YVETTE BARNES

Sales Representative

Cell 416-710-7752

Office 416-551-6044

Email: info@torontolisted.ca

9 THINGS YOU NEED TO KNOW ABOUT INVESTING

9 Things You Need To Know About Real Estate Investing

 

We work a LOT with investors both Canadians living overseas and others who are out of province or living just south of our borders. Are you thinking of investing for the first time? Or are you wondering about adding to your existing portfolio? Helping you to navigate through the buying process to make sound and profitable decisions is our favourite part of real estate. Here are 9 things you may want to keep in mind when purchasing an investment property:

 

1) When buying an investment, it’s always about math – avoid letting emotions lead the way. Flashy hand-scraped hardwood floors and stone countertops are great…before you buy think about: How will much these features add to the monthly rent? Who is your ideal tenant and will they care?  Is this property in a location that demands these types of finishes to get top rents?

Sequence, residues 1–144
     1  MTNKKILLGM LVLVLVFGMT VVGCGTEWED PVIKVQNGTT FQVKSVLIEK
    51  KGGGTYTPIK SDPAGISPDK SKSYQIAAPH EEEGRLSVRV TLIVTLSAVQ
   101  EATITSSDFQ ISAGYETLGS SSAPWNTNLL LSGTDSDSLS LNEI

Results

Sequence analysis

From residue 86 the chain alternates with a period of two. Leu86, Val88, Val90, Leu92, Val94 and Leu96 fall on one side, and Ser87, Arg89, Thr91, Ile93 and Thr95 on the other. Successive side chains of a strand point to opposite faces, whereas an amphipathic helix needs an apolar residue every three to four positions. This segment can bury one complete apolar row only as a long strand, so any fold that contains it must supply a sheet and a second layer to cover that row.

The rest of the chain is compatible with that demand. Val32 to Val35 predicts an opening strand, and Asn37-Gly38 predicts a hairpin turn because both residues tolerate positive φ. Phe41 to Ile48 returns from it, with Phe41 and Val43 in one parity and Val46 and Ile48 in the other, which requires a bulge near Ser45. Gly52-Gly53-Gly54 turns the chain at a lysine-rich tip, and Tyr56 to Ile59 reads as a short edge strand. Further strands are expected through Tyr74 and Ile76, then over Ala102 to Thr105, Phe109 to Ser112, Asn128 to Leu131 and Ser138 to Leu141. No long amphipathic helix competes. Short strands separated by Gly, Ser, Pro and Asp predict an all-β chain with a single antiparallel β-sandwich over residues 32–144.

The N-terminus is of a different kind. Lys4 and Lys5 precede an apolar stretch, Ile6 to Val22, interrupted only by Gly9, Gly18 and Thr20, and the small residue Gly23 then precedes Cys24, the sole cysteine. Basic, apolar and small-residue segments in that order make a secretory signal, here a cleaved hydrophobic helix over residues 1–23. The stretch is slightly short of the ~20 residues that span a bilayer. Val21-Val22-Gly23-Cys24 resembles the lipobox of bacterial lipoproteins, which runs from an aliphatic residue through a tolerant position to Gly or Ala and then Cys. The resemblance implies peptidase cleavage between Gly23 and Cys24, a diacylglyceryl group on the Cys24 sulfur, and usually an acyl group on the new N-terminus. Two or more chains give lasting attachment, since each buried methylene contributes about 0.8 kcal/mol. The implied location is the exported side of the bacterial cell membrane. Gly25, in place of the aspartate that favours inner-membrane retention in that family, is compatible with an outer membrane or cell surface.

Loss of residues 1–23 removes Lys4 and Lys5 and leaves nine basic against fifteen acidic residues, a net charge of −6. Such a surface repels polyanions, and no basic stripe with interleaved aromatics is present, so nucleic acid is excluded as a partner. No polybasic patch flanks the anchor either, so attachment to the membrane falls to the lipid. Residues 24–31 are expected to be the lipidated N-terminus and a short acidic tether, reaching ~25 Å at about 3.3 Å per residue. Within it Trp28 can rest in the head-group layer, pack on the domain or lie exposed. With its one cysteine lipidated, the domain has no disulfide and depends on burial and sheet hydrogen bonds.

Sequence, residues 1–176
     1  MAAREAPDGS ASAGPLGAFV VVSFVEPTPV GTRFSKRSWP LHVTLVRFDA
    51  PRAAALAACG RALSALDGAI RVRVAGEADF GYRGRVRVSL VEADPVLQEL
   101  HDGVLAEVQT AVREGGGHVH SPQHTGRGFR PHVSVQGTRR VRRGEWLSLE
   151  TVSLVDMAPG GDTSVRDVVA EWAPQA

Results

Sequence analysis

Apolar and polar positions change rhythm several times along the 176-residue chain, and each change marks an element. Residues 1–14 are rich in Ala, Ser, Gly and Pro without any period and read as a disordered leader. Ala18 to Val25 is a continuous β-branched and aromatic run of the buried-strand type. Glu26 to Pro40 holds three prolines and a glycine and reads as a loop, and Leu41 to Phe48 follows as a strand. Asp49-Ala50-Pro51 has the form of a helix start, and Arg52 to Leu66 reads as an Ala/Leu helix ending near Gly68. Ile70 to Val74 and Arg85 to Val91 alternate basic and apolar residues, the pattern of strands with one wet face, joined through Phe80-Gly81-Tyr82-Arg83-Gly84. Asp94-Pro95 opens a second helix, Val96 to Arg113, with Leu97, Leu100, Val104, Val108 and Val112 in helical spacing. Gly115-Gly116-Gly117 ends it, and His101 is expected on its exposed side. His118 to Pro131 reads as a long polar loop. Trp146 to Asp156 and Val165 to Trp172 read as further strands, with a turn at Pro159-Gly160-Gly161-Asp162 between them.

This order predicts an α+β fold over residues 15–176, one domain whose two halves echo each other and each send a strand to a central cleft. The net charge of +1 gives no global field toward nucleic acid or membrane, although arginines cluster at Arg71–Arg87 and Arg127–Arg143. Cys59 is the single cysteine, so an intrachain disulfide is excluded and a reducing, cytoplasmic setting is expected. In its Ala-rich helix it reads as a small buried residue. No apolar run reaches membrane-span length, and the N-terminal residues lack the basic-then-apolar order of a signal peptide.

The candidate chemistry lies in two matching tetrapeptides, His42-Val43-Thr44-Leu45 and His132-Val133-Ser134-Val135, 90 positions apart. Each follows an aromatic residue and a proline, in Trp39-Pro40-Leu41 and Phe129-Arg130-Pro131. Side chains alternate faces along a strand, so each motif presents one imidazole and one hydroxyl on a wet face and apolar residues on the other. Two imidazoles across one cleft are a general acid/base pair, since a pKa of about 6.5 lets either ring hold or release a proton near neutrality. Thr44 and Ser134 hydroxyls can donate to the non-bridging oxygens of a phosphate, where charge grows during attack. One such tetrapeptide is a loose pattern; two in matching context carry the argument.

Real estate investing really comes down to numbers. You will also need to consider other numbers beyond the asking price: How much are the condo fees? How much are the taxes? What kind of maintenance should you expect? Are you going to manage the property yourself? (i.e. collect rents, negotiate leases, emergency calls) or hire a property manager? What are the area rents? An agent experienced in investments will be able to guide you to the profitable ones and encourage you to run from the ones that look great but don’t give the best returns.

2) You’ll likely need a minimum 20% down payment. If the property you’re buying isn’t going to be your primary residence (i.e. defined as the one you live in at least six months/year), then the bank requires you to have a larger downpayment. In most cases, that’s 20% (more if it’s a commercial property).